"If you have a happy customer that's coming into your store and he's leaving satisfied it helps to get him to come back," Robert Sawyer, a former food retailing executive, said after speaking to shareholders for the first time.
He said lessons he learned in the highly competitive grocery business are just as useful in the home renovation industry.
Sawyer said his predecessors didn't do a bad job but were unable to digest years of acquisitions once the recession hit.
"So I have to get back to basics, to look at merchandising, procurement, supply chain and marketing to see how we're going to address to our consumers all over every region in Canada," he told reporters.
That could mean producing regional flyers that cater to varying consumer demands instead of offering uniform specials across the country.
Sawyer said he plans to unveil his strategy next quarter, but the chain has decided not to sell its network of big box stores outside Quebec even as it focuses on smaller, proximity stores.
"We have all the ingredients for success. Now we need to optimize the recipe to achieve the full potential of this magnificent organization," he told shareholders.
Prior to his arrival five weeks ago, the Quebec-based company said it was taking "a hard look" at either selling or reducing the size of its 30 big box retail stores outside Quebec that generate about $750 million of annual sales but together are losing money.
But Sawyer said most of the stores are profitable and selling them would have a big impact on the company's distribution network.
Rona chairman Robert Chevrier said the stores are part of a network of stores of varying size that provide a competitive advantage over U.S.-based rivals such as Home Depot and Lowe's.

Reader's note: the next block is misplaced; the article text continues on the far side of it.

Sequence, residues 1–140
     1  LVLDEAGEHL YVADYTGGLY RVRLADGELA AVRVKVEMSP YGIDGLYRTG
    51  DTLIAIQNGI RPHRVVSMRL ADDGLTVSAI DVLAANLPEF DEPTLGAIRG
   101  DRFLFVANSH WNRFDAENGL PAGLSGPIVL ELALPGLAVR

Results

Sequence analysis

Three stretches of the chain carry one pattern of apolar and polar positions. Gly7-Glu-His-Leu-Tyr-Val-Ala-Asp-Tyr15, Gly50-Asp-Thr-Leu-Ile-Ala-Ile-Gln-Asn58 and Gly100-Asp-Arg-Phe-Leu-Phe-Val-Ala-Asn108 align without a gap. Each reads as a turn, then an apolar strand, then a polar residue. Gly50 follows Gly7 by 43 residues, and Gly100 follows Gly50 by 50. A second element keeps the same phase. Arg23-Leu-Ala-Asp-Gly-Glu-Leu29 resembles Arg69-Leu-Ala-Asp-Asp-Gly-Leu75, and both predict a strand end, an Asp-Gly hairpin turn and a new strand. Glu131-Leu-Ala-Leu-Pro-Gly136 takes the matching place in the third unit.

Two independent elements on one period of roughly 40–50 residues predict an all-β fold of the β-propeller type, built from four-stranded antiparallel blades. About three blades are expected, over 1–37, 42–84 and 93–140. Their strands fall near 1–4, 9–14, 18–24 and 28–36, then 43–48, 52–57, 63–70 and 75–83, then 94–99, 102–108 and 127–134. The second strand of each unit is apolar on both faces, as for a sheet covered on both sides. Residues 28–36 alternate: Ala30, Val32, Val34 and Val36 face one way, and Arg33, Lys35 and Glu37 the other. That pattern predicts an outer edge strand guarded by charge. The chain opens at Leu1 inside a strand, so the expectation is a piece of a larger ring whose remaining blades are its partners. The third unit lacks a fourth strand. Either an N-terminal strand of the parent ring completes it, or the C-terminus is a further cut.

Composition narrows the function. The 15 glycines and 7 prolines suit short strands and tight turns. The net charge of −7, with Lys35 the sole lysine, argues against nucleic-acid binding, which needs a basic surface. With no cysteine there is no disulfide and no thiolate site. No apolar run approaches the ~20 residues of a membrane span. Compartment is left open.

Selling the stores would diminish the value of the remaining network and tarnish how people perceive the brand, he said.
Chevrier conceded that the company's new leadership is under pressure to turn things around.
"It's obvious that if collectively, the people up here, Robert's team, does a bad job I think we deserve to be kicked out," he said.
Rona will announce in a few weeks whether it will sell its commercial and professional division that has about $500 million of annual sales.
Its current strategic plan calls for the closure of 10 underperforming big box stores and reducing the size of 13 others. Five stores have been closed so far.
In Quebec, the company has also started to reposition its Reno-Depot banner as a warehouse by reducing the number of products, but offering bigger quantities at better prices.
Rona said it has achieved $17 million of savings, or about 40 per cent of the up to $45-million target from administrative job cuts and the renegotiation of major service agreements.
Sawyer told shareholders that the company's future is "very promising."
Still, Rona (TSX:RON) reported a loss of $40 million or 33 cents per share for the quarter compared with a loss of $12.4 million or 11 cents a year ago.
On an adjusted basis, the company said it lost $22.7 million or 19 cents per share for the quarter ended March 31 compared with a loss of $13.5 million or 11 cents per share a year ago.
Analysts on average had expected a loss of 14 cents per share, according to Thomson Reuters estimates.
Revenues were $929.4 million, down $4.6 million from a year ago. Same-store sales fell 0.8 per cent, or three per cent in the retail division as cold weather caused a 28 per cent drop in the sale of seasonal items.
The company's distribution segment experienced higher sales but that was offset by lower revenue from Rona's retail and commercial segments.
Rona attributed the weaker results to disruptions in its operations due to changes at its Reno-Depot and Totem banners, increased costs of building materials, difficult market conditions and a late spring.
"We expect that fiscal 2013 will be another demanding year, because of the repositioning that will temporarily disrupt our operations," said chief financial officer Dominique Boies.
He said the outlook for 2014 is better as Canadian housing starts are expected to increase and Rona will fully benefit from cost reductions.
Irene Nattel of RBC Capital Markets said that with a new CEO and chief commercial officer, 2013 "is best viewed as a transitional year."
"Weaker than expected first-quarter results underscore the macro headwinds and operating challenges," she wrote in a report.
On the Toronto Stock Exchange, Rona's shares closed down 51 cents, or 4.8 per cent, to $10.12.